SOB and the S.O.B.’s (part II)

Immune dysfunction falls into three categories:  immune deficiency, which includes AIDS; autoimmune, which includes multiple sclerosis; and hypersensitivity, which nobody has ever explained to me.  I am grossly hypersensitive.  In fact, I am so hypersensitive that I react to all medications.  I cannot take any drugs because the side effects are worse than the illness they’re intended to treat.

Doctors can’t deal with this.  They live and die by their prescription pads.  Take away the prescription pad and you’ve effectively made the doctor impotent.  This causes doctors to become really, really nasty.  Consequently—after going through more primary care physicians than I can count—I no longer have a primary care.  My psychiatrist and his med/surg physician assistant take care of me.

Four months ago, I got a kidney infection—one so bad that it made my psychiatrist say “omigod” three times.  Considering I have chronic renal failure, this was not a good thing.  Cranberry juice and acupuncture didn’t work.  The illness would rapidly lead to complete kidney failure and death, so we had to do something.  We—psychiatrist, PA and me—put our heads together and decided on a trial of the antibiotic Macrobid.

I took a very low dose for a week, and it helped but didn’t resolve the infection.  I took a higher dose for three days, then got so sick that I had to stop it.  I still had some infection, which was sapping my immune system and rolling over into other problems.  I called my case manager and proxy/trustee and we pre-paid my funeral costs, then I tried another regime of the low dose of Macrobid.  Within three days, I couldn’t tolerate it anymore.

By now, my world has shrunk from a five-mile radius to a one-mile radius.  I’ve had to give up my treadmill.  I’m so tired that I’m sleeping ten hours a day, and the shortness of breath has become constant and severe.  I have a low-grade chronic kidney infection.  And nobody can explain to me why my immune system pitches a fit if I take drugs, so I go back on the Internet, which I do every few years, and research immunologists again.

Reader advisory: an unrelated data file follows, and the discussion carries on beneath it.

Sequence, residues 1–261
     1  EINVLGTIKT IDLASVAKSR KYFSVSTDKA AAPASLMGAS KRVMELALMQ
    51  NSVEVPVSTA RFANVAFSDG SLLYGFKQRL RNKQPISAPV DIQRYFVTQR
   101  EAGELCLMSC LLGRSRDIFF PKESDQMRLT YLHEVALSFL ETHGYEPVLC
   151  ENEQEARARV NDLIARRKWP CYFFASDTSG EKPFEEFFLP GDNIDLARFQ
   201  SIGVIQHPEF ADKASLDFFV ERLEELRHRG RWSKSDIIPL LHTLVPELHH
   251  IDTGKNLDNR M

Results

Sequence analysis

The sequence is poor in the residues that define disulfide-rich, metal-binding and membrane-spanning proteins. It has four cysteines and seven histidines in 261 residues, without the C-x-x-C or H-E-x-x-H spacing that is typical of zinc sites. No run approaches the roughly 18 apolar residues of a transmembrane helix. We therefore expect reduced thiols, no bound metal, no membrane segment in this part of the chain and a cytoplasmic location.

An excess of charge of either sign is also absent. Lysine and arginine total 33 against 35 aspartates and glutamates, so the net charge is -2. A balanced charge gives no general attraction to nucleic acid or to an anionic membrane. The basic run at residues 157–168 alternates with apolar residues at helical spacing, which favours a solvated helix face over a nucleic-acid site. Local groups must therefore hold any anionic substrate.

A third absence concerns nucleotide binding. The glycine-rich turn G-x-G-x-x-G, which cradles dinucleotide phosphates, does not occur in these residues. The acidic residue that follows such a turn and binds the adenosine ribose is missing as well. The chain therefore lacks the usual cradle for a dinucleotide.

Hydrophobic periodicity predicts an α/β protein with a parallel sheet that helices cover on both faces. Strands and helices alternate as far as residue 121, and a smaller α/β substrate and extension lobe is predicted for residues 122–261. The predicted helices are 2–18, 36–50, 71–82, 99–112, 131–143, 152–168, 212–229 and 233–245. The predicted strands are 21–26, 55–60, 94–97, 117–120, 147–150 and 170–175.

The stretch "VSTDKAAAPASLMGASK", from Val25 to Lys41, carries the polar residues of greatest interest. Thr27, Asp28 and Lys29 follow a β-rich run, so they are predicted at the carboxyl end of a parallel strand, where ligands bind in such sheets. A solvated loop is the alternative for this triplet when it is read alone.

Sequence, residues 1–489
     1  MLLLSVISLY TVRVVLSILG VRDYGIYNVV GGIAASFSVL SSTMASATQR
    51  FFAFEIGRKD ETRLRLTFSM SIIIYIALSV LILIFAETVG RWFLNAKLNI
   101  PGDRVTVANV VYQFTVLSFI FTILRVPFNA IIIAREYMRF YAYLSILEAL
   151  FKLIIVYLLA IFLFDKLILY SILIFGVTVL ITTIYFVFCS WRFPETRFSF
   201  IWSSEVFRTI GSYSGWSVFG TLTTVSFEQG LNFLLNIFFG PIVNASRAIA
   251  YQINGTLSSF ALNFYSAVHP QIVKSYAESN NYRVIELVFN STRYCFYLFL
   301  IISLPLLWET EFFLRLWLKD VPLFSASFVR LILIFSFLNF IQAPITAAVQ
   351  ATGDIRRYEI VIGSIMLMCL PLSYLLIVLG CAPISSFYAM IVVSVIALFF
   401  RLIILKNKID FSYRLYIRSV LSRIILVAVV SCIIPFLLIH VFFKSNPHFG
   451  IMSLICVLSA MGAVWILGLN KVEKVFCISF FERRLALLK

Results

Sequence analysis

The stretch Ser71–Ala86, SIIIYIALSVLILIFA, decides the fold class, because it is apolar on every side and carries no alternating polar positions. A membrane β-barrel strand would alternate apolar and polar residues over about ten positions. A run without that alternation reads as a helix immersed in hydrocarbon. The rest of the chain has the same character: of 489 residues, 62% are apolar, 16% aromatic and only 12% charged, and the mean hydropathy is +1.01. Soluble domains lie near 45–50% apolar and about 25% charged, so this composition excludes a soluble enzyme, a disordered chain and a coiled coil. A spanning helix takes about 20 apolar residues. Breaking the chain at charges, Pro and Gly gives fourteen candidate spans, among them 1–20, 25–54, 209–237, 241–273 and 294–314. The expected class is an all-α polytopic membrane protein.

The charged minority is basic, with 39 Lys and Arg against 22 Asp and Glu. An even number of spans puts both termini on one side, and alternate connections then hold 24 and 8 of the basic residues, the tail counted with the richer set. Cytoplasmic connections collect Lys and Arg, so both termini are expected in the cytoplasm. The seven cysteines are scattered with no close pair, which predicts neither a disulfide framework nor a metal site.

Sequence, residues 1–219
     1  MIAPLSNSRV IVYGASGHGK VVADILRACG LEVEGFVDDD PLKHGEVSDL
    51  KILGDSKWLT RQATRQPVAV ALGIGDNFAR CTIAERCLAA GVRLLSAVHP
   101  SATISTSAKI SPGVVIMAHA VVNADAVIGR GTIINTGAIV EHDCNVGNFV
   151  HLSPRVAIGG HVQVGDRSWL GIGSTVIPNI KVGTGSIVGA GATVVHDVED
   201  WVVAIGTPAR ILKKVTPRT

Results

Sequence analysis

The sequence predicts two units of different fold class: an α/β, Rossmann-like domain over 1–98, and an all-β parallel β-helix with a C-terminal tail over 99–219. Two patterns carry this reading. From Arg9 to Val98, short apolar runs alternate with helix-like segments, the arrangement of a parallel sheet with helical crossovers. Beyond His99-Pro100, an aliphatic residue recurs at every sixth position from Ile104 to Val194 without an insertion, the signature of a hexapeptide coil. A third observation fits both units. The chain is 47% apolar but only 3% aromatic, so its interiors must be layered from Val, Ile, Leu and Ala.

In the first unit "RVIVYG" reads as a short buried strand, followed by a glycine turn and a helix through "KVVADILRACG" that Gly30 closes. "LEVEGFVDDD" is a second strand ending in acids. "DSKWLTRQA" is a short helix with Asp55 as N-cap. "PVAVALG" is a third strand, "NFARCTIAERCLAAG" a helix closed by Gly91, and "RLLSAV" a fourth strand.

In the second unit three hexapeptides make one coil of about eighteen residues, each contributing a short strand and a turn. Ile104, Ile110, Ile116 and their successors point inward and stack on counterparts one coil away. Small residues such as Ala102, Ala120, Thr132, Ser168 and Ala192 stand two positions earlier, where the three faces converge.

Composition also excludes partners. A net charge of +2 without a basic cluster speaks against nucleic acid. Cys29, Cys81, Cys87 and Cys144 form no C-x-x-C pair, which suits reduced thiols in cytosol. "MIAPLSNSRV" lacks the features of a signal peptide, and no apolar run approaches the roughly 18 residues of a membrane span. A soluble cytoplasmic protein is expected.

This time I come up with a world-class rheumatologist who has a Ph.D. in immunology and is working at the aforementioned teaching hospital nearby.  I get an appointment, show up, and am interviewed by a resident.  When I tell him I have shortness of breath, he says, “And anxiety?  You have palpitations and shortness of breath?”  No, asshole, I do not have anxiety or palpitations.  I am not neurotic and you bloody well better listen to what I say, not the bias inside your head.

When the world-class immunologist shows up in the treatment room, he talks to the resident, not to me.  He barely looks at me.  All he knows is what the resident tells him, and the resident got it wrong.  The immunologist orders two dozen tests and tells me to come back for his first-available appointment, which is in four months.  This is later changed to six months; apparently he’s going on a lecture tour or something.  (The hospital’s motto is “Knowing Changes Everything.”  So if I don’t know the test results, nothing changes.)  I write to the doctor and the PA calls him—twice—and he ignores us both.  The psychiatrist looks sour and shrugs.

Then Ginger and I meet in the bar of the up-scale motel across the street from where I live.  We order New York State wine because she believes in supporting the local economy.  Ginger is a petite woman with soft, wavy white hair who is in her eighties and still practices social work, including running a group for men who are sexual abusers.

When we exchange the traditional opening remarks—“So how’ve you been?”—I say that I’ve been very short of breath.  Ginger says she was taking Macrobid and also was short of breath.  The local doctors worked up her shortness of breath to no avail, so Ginger’s daughter brought her to Boston and had her hospitalized.  (It should be noted at this point that Ginger’s daughter is a Harvard M.D.)  After appropriate testing, which included some sort of chest pictures that she can’t remember, Ginger was diagnosed with pulmonary fibrosis.